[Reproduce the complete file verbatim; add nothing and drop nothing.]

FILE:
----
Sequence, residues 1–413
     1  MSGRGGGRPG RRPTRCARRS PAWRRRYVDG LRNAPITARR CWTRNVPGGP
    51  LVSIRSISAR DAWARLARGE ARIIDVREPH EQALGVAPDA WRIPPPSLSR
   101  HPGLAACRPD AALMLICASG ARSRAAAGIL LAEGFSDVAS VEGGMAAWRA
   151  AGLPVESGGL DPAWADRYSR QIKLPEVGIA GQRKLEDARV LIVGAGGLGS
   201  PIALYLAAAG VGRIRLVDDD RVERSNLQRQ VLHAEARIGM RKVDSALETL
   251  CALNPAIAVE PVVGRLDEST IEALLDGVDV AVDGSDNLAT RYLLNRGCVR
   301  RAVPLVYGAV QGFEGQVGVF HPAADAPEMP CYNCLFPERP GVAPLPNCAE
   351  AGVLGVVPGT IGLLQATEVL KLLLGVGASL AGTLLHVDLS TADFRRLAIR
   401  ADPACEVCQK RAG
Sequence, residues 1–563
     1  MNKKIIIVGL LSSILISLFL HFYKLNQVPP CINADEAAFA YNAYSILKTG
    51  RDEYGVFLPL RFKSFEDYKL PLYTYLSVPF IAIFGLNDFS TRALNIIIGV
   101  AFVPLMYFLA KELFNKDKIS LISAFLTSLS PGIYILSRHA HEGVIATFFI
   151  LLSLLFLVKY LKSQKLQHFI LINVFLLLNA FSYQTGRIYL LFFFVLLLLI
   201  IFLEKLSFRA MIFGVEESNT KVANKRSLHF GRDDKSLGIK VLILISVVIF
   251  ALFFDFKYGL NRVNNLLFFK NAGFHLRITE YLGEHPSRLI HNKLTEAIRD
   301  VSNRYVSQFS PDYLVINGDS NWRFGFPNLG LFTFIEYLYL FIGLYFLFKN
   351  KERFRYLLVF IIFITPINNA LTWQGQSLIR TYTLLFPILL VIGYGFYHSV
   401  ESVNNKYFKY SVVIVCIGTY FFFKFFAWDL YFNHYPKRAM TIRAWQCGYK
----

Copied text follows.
Sequence, residues 1–413
     1  MSGRGGGRPG RRPTRCARRS PAWRRRYVDG LRNAPITARR CWTRNVPGGP
    51  LVSIRSISAR DAWARLARGE ARIIDVREPH EQALGVAPDA WRIPPPSLSR
   101  HPGLAACRPD AALMLICASG ARSRAAAGIL LAEGFSDVAS VEGGMAAWRA
   151  AGLPVESGGL DPAWADRYSR QIKLPEVGIA GQRKLEDARV LIVGAGGLGS
   201  PIALYLAAAG VGRIRLVDDD RVERSNLQRQ VLHAEARIGM RKVDSALETL
   251  CALNPAIAVE PVVGRLDEST IEALLDGVDV AVDGSDNLAT RYLLNRGCVR
   301  RAVPLVYGAV QGFEGQVGVF HPAADAPEMP CYNCLFPERP GVAPLPNCAE
   351  AGVLGVVPGT IGLLQATEVL KLLLGVGASL AGTLLHVDLS TADFRRLAIR
   401  ADPACEVCQK RAG
Sequence, residues 1–563
     1  MNKKIIIVGL LSSILISLFL HFYKLNQVPP CINADEAAFA YNAYSILKTG
    51  RDEYGVFLPL RFKSFEDYKL PLYTYLSVPF IAIFGLNDFS TRALNIIIGV
   101  AFVPLMYFLA KELFNKDKIS LISAFLTSLS PGIYILSRHA HEGVIATFFI
   151  LLSLLFLVKY LKSQKLQHFI LINVFLLLNA FSYQTGRIYL LFFFVLLLLI
   201  IFLEKLSFRA MIFGVEESNT KVANKRSLHF GRDDKSLGIK VLILISVVIF
   251  ALFFDFKYGL NRVNNLLFFK NAGFHLRITE YLGEHPSRLI HNKLTEAIRD
   301  VSNRYVSQFS PDYLVINGDS NWRFGFPNLG LFTFIEYLYL FIGLYFLFKN
   351  KERFRYLLVF IIFITPINNA LTWQGQSLIR TYTLLFPILL VIGYGFYHSV
   401  ESVNNKYFKY SVVIVCIGTY FFFKFFAWDL YFNHYPKRAM TIRAWQCGYK